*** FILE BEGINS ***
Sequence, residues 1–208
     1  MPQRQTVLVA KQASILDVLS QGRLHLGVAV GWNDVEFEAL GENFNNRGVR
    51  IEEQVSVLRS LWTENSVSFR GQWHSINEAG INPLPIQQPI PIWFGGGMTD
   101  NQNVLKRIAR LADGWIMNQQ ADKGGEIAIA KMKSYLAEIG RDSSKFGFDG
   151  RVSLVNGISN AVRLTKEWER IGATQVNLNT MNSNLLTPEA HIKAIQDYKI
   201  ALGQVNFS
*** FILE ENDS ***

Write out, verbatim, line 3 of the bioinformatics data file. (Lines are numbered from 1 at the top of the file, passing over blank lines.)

    51  IEEQVSVLRS LWTENSVSFR GQWHSINEAG INPLPIQQPI PIWFGGGMTD